During production on Tuesday, the editorial staff spent the better part of the night trying to decide how to react to data released by the Michigan Department of Education ranking the best high schools in college readiness.According to the recent data, Seaholm ranks third in the state behind International Academy and Ann Arbor Community with 48.8 percent of our students meeting the college-ready standards.
Considering the two schools ranked ahead of Seaholm are magnet schools and choose their students, the data shows Seaholm as the top individual district school. That’s worth celebrating.
The entire Seaholm community—students, teachers, parents and administrators—deserve a round of applause for our achievements.
Before we pat ourselves on the back too much,though, we need to look at the bigger picture.
Less than half of the Seaholm class of 2011 is college ready. That hardly seems congruent with the standards set by the school. We have a reputation for having rigorous academics. Seaholm graduates are currently attending schools like Dartmouth and MIT. Fifty students from last year’s graduating class now study at the University of Michigan.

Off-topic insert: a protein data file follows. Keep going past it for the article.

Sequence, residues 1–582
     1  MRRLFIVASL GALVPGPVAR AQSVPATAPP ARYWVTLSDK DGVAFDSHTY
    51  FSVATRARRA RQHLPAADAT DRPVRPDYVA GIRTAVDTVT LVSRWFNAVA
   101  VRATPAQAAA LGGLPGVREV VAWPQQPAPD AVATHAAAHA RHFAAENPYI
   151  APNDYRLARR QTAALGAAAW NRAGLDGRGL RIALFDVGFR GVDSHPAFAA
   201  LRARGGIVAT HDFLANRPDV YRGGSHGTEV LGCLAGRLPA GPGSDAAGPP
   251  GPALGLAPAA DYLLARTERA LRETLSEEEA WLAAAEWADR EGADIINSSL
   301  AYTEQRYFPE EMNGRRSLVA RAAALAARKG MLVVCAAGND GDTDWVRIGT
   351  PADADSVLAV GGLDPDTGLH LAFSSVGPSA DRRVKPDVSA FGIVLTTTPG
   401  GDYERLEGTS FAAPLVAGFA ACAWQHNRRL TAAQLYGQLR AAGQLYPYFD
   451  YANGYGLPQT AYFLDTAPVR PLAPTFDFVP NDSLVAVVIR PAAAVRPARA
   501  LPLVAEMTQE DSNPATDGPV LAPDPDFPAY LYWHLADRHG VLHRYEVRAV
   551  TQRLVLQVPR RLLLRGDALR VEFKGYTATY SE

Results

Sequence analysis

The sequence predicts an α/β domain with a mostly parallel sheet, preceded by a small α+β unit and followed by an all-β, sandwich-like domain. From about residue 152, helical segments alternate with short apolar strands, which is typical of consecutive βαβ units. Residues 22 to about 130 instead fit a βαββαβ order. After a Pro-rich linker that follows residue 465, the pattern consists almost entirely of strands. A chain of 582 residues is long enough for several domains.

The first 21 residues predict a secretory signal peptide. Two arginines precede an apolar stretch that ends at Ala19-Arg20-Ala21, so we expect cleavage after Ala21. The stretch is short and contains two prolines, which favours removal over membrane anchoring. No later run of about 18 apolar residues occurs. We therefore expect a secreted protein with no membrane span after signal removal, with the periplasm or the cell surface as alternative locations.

Still, not even 50 percent of our students score high enough on the ACT to be considered college ready. And compared to the rest of the state, that’s great.
Less than 10 percent of students state-wide are prepared for college, according to the data. A whopping 230 schools have no college ready students.
Sure, the standards used by the MDE to determine college readiness are relatively blackand- white. In order to be deemed ready, students must score at least an 18 in English, 22 in Math, 21 in reading and 24 in science on the ACT.
Not meeting the ACT college-ready standards doesn’t mean you’re doomed for failure. They don’t account for the student who excels in English but struggles to grasp Geometry, or the artistically talented student who has no interest in science.
Still, it may be the best system the state has. When the gross majority of schools fail to meet relatively low standards set by the ACT, it’s clearly time to reevaluate our educational system.
According to the 2010 ACT National and State scores, Michigan ranks 35 in the nation in college preparedness, with 19 percent of students meeting the college-ready benchmarks. The top two states, Massachusetts and New York, have 41 and 40 percent respectively.
That Michigan is so far behind the top states is unacceptable. The new data should serve as a wake-up call to change the way the state does things, or a growing number of students are in for a rude awakening when they go to college.